China: Towards relaxation of controversial ‘zero Covid’ policy

Speaking at the National Health Commission (NHC) on Wednesday, Vice Premier Sun Chunlan said China’s approach to the virus was “facing new situations” thanks to the less dangerous nature of the Omicron variant and advances in the vaccine. On Tuesday, Beijing had already decided to speed up vaccination of the elderly, which is still not enough.

Ms Sun, a central figure in China’s strategy to combat the pandemic, has made no mention of a “zero Covid” policy in remarks repeated by state news agency Chine Nouvelle, raising hopes that the strategy is disrupting the entire world. The lives of the Chinese and their country’s economy will soon be eased for three years. Frustrated by repeated arrests and near-daily PCR tests, thousands of Chinese demonstrated last weekend in Beijing, Shanghai, Guangzhou or Wuhan – where the first cases were detected in December 2019. It was the most widespread wave of protests since the pro mobilisations. Tiananmen democracy in 1989. Surprised, communist authorities have called for a “repression” to curb the movement, but appear to want to adjust their health policies.

Relief at the local level

As such, Beijing has announced that it will relax its PCR testing requirements. Xu Hejian, a spokesman for the municipal government, said that elderly people and those who study or work remotely are now exempt from daily tests. Residents of the capital must present a negative test within 48 hours to enter public places.

Read also Protests in China: China’s ambassador to France acknowledges ‘discontent’ and hits out at West

In Canton (in the south), where clashes pitted demonstrators against police on Tuesday, a weeks-long curfew was lifted despite a record number of pollution cases. Because, if the numbers are among the highest since the start of the pandemic, they remain proportionately small: 35,800 local cases out of a population of 1.4 billion were reported on Thursday, with the vast majority of asymptomatic cases.

On Thursday, the Southern Metropolis Daily, a state-run newspaper, said authorities in Beijing and Guangzhou will allow some people who test positive to self-isolate at home instead of going to a quarantine center. The article has since been removed and AFP’s requests for confirmation from local authorities have not been answered. The city of Chongqing (the center) allowed contact cases who met certain conditions to stay at home, a clear shift from the policy until then, which required all – positive cases and contacts – to go to a quarantine center.

Analysts at ANZ Research said these local reliefs, along with Ms Su’s remarks, “could be a sign that China is beginning to consider ending its strict zero Covid policy”.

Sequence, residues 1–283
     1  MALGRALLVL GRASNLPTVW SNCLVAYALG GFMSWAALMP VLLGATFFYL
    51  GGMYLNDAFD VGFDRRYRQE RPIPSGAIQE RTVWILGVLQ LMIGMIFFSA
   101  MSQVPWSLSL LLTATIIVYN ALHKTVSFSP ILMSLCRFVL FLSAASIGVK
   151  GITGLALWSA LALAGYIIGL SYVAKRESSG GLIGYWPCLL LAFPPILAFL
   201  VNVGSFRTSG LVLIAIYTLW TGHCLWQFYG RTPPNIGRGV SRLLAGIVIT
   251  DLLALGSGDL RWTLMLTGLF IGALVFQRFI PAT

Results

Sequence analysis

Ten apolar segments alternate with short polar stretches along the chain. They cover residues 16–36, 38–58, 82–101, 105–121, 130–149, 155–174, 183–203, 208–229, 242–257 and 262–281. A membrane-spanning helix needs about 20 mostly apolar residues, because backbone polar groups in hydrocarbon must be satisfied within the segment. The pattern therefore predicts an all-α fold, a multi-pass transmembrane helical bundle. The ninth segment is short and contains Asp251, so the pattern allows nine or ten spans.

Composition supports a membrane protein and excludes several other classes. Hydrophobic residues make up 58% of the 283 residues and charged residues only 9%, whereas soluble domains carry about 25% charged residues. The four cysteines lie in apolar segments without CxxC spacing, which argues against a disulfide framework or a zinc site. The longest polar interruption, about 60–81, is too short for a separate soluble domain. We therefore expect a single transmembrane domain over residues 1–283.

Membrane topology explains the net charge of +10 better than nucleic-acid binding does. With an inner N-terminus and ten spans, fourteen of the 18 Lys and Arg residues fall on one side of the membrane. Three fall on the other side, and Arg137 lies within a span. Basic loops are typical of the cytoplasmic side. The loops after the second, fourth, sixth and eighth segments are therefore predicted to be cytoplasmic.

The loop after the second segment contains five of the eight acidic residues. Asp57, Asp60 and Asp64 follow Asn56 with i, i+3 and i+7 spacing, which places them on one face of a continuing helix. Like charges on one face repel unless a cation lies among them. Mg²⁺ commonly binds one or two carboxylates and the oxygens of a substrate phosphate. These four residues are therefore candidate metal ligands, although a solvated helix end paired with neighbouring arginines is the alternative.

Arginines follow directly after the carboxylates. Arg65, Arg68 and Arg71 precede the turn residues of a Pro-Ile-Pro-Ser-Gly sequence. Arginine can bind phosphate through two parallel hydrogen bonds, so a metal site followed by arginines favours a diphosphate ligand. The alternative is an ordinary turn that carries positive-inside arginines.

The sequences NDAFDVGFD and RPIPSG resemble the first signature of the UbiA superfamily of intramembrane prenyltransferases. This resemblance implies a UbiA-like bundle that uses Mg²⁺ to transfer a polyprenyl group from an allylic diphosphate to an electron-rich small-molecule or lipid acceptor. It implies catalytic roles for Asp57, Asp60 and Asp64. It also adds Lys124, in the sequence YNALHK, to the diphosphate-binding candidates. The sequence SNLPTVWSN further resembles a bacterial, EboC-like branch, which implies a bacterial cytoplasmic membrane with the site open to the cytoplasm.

On Thursday morning, two major Chinese newspapers published expert comments to reassure the general public that Covid is not dangerous in most cases, following similar publications in recent days that have prepared the public for a change in mindset.

Tiredness

As the third anniversary of the detection of the first cases in Wuhan approaches, the population is experiencing fatigue. A deadly fire in Urumqi, the capital of northwestern Xinjiang region, sparked protests over the weekend, with some netizens blaming health restrictions for hampering rescue efforts. But demonstrators also chanted political slogans, with some even calling for the resignation of President Xi Jinping, who was renewed for an unprecedented third term last month. The 1989 mobilizations ended in bloody reprisals with the military, particularly Beijing’s intervention in Tiananmen Square.

On Wednesday, when the death of former President Jiang Zemin, who came to power in the wake of these latest events, was announced, the Communist Party rightly emphasized its ability to restore calm during this uprising. US foreign policy chief Anthony Blinken said on Wednesday that China’s crackdown on the new demonstrations was a “sign of weakness” by communist leaders. “What the United States should do is to seriously respond to the needs of its own people and take care of its own affairs,” Chinese Foreign Ministry spokesman Zhao Lijian said Thursday.

For his part, Wang Dan, a student leader during the Tiananmen Square protests who has since sought refuge in the United States, believes that the mobilization against “zero Covid” in China has shattered the “myth”. society”. “For the past 30 years, there has been a myth that the younger generation or the middle class is really happy with the government, but these protests show us the truth,” he said in Tokyo on Thursday. “The truth is that this is not a harmonious society. .. there are already many conflicts between the society and the government,” he added.

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